Behind The Wheel

By Chandra Orr

August 21, 2009 5 min read

If you're looking for luxury, you've found it. From theater-quality sound systems and built-in refrigerators to virtual dashboards and warnings for distracted drivers, the auto world's latest high tech offerings put comfort, convenience and safety in the driver's seat.

"On the whole, innovations continue to capture the attention and imagination of buyers," said Elliot Darvick, manager of programming at, a leading consumer automotive site.

The latest gadgets and gear don't come cheap -- and many are available only on luxury models -- but if you're looking to wow your passengers and make that morning commute a bit more bearable, check out what automakers have in store for 2010.


"To our amazement, the sound system arms race continues," Darvick said.

The new 2010 Jaguar XJ has an astonishing 1,200-watt audio system, with 20 high-end speakers routed through 15 channels of audio processing. To the lay person, that means theater-quality sound on your favorite radio station or a portable screening room in your back seat.

"The Jaguar sound system is a pretty incredible option," Darvick said. "While parked, you will actually be able to watch a DVD in 7.1 surround sound."

On the other end of the spectrum, Bose has developed its Energy Efficient Series set to debut in the 2011 Chevrolet Volt. The system combines lighter and smaller components with a power system that uses half the energy without sacrificing sound quality.

"It's a refreshing step in a different direction for sound systems, which have generally been on a tear to see who can utilize the most wattage possible," Darvick explained.


The Mercedes S-Class was the first to feature a virtual dashboard, and in 2010, the Land Rover Range Rover and the Jaguar XJ jump on board with this pioneering technology.

In the new Range Rover, for example, a 12-inch LCD screen, with virtual dials and a digital information display, replace the traditional instrument panel. Drivers can customize the screen to suit their needs, displaying everything from phone and audio information to GPS navigation and climate control.

"It offers great flexibility for presenting information to the driver," Darvick said.

Mercedes, Land Rover and Jaguar all have plans to unveil dual-view screens in 2010 as well, though it's unclear if the technology will be enabled for the U.S. market due to safety regulations.

"This technology allows the driver to look at the center LCD screen and see a GPS navigation map while a passenger can look at the same screen and, from their vantage, see a DVD movie playing," Darvick explained.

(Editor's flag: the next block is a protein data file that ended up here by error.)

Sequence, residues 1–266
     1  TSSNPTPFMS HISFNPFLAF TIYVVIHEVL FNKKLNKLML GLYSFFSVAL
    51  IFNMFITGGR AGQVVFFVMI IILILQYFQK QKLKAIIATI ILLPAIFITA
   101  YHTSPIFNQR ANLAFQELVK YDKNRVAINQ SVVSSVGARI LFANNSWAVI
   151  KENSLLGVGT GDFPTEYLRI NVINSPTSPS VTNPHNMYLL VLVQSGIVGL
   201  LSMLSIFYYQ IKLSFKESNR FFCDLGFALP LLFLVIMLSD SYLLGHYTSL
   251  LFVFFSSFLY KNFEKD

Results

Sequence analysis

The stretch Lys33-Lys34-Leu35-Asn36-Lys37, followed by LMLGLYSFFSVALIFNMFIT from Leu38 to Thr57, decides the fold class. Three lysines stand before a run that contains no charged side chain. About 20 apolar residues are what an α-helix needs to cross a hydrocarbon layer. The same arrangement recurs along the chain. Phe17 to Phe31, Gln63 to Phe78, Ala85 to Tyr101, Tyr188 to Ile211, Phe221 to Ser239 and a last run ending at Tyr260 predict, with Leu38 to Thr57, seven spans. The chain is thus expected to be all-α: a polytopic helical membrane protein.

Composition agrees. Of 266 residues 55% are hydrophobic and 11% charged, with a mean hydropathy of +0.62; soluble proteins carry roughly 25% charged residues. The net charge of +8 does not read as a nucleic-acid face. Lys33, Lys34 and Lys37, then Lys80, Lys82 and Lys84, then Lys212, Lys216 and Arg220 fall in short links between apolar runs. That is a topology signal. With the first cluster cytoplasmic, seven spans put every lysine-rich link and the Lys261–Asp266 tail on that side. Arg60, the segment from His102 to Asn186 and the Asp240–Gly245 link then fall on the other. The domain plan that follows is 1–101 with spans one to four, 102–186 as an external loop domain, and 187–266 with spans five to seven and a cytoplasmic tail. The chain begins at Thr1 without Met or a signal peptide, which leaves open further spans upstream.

"With regards to safety, active pre-crash mechanisms are only growing," Darvick said.

The new Mercedes E-Class sedan will feature a system to detect imminent collisions and apply up to 100 percent of the braking power to reduce the impact -- even at highway speeds.

Lexus, BMW and Acura offer similar systems, and Volvo's City Safety system aids drivers in preventing low speed accidents like rear-end collisions in stop-and-go traffic.

A word of warning, though: This new technology could send repair bills sky high.

"While we welcome the advancement of technology that can detect and mitigate accidents, we cringe when we think about the cost of replacing a bumper that also features cameras, radar, night-vision and other technology, so be prepared to take this into consideration," Darvick said.


Mercedes also aims to prevent driver drowsiness. The new Attention Assist system, which comes standard on the 2010 E-Class, uses smart programming to monitor driver behavior based on 70 parameters. When it senses fatigue, it sends an alert. In other words, no more falling asleep at the wheel.

"We like the Attention Assist because it pairs vehicle hardware that serves other purposes with programming to combat a large problem -- driver fatigue," Darvick said.


Forget the cooler. The new Ford Flex features a built-in refrigerator to chill out on the go. Unlike systems that merely keep drinks cool, this rear-seat console runs off a compressor just like the fridge in your kitchen.

Capable of chilling a room temperature six-pack of soda to 41 degrees in just a few hours, this is a smart option for avid tailgaters, campers and road trip enthusiasts.

In freezer mode, the unit drops the temperature to 23 degrees, and it's insulated to keep items cold even when the car is not running.

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